‘The heart affects everybody’
by Briana Webster
Feb 18, 2014 | 1194 views | 0 0 comments | 15 15 recommendations | email to a friend | print
Caneta Mauldin and her granddaughter, Meleigha Mauldin, pose for a picture after the Jump Rope for Heart event held at Sumiton Christian School Friday. Caneta is a huge supporter of the American Heart Association, especially since her daughter, Laura, had heart surgeries at a young age. – Photo by: Briana Webster.
Caneta Mauldin and her granddaughter, Meleigha Mauldin, pose for a picture after the Jump Rope for Heart event held at Sumiton Christian School Friday. Caneta is a huge supporter of the American Heart Association, especially since her daughter, Laura, had heart surgeries at a young age. – Photo by: Briana Webster.
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SUMITON — Caneta Mauldin and her granddaughter, Meleigha, were celebrating matters of the heart other than Valentine’s Day on Friday.

Sumiton Christian School holds its Jump Rope for Heart program every year on Feb. 14. All the money the school raises goes to the American Heart Association, for further research, educational resources and treatment.

Mauldin is a firm believer and supporter of the AHA because her daughter and granddaughter would not be here today had it not been for the advancement of heart research.

“When my daughter was born, she was born with a heart defect. She had her first heart surgery at three weeks old, and then she had it again when she was three years old,” Caneta Mauldin said. “Both doctor Kirklins, James and John, at UAB, were necessary or she would’ve died right then.”

More than 30 years later, Caneta’s daughter Laura Mauldin is a living testimony of why programs like Jump Rope for Heart are so important. At 35, Laura has lived longer than “ever expected,” her mother said Friday afternoon. Thankfully, Laura only had two surgeries performed on her heart. However, multiple operations were suggested at first.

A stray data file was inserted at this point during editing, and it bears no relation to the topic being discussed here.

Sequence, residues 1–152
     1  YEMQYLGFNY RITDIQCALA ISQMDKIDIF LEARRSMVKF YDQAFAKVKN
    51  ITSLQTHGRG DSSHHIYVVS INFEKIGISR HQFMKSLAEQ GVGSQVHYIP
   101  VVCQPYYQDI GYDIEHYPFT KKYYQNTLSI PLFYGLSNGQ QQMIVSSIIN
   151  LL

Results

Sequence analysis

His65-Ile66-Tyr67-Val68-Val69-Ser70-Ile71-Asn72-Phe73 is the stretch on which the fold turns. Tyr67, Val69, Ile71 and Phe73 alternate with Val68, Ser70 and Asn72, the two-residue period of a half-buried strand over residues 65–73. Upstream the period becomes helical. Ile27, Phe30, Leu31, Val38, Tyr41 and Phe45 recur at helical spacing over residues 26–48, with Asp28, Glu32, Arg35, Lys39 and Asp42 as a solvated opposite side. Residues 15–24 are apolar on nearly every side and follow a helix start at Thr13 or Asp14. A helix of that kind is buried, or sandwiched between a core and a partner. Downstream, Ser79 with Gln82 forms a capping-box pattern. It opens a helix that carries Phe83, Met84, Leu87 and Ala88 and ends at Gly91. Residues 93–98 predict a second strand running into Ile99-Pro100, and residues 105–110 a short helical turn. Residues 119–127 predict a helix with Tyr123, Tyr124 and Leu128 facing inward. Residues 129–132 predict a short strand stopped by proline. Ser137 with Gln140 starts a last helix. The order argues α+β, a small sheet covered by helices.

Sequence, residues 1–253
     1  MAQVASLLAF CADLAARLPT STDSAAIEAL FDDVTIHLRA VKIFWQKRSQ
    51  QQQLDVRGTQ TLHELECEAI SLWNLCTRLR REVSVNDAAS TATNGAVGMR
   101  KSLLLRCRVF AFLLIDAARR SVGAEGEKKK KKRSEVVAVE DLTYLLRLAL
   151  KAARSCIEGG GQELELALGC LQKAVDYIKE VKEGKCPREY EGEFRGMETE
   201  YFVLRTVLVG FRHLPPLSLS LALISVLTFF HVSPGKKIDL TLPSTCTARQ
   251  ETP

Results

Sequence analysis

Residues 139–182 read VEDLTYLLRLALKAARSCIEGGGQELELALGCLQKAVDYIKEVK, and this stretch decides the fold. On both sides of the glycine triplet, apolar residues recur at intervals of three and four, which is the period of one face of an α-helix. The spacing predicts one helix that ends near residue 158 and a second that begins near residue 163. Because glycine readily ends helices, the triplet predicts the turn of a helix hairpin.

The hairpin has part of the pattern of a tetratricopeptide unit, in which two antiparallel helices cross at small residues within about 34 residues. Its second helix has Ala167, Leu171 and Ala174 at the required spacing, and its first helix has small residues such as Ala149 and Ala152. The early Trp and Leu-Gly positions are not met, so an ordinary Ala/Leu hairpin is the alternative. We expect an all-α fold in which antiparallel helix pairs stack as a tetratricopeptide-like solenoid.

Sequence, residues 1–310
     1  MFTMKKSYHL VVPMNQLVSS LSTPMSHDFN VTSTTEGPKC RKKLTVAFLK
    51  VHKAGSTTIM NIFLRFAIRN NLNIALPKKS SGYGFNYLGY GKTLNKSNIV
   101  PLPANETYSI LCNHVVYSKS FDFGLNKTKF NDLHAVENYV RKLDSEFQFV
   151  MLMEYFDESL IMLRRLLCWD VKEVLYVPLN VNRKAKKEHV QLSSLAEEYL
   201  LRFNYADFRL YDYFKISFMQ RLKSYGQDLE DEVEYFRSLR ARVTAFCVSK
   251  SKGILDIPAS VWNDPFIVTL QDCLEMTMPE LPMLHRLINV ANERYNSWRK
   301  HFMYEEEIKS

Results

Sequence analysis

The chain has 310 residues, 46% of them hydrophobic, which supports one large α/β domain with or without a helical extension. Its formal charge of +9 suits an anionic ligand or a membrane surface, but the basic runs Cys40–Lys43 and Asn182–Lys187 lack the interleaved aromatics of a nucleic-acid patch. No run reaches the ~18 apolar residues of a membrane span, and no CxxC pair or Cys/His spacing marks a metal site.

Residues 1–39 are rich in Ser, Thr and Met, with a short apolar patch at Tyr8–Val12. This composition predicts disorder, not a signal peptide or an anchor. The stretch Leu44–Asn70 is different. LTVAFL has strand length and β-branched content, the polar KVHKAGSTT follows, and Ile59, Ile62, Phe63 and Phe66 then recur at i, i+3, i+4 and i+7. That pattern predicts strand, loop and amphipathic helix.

“Once they got in there and did the second surgery, Dr. Kirklin came out and told us that her heart was pumping totally different from the way it was originally, and they had to cut her heart all to pieces,” Caneta said. “So, she only has three chambers of the heart instead of four, but she is doing good, for what all she’s had done.”

As a child, Laura was not allowed to be overly active, and doctors had cautioned her to not exert herself by playing sports. Caneta said she told her daughter not to worry about excelling on the field or court but excelling in the classroom would pay off in the end.

“The heart affects everybody, whether it’s children, grandchildren, aunts, uncles, grandparents — everybody has got somebody that’s had heart problems in their family,” Caneta said. “... They had told us that if she had been born four years earlier with this heart problem, they would not have been able to save her. Because of the research, they were able to save her.” 

Students at Sumiton Christian raised $5,238.53 through Jump Rope for Heart this year, which is the most money raised through the program in the school’s history. Caneta’s granddaughter, Meleigha Mauldin, a second grader, participates in the event held annually at the school. In fact, Meleigha was one of three winners who raised the most money at the school.

When asked her opinion about Jump Rope for Heart, Meleigha said, “I like it. We raise money for the ones who need it, and the doctors figure out how to cure the ones who have heart problems.” She went on to talk about how exercise and healthy eating habits also make the heart happy.

Caneta smiled as she watched her granddaughter jump rope from one side of the court to the other Friday. She said she is proud that the school supports the American Heart Association and takes part in the Jump Rope for Heart event every year.

“Kids need to know and understand how heart problems affect everyone, and the [American] Heart Association can help through research. Every penny of it goes straight to the American Heart Association,” Caneta said. “... God is watching out for her [Laura] and for all of us.”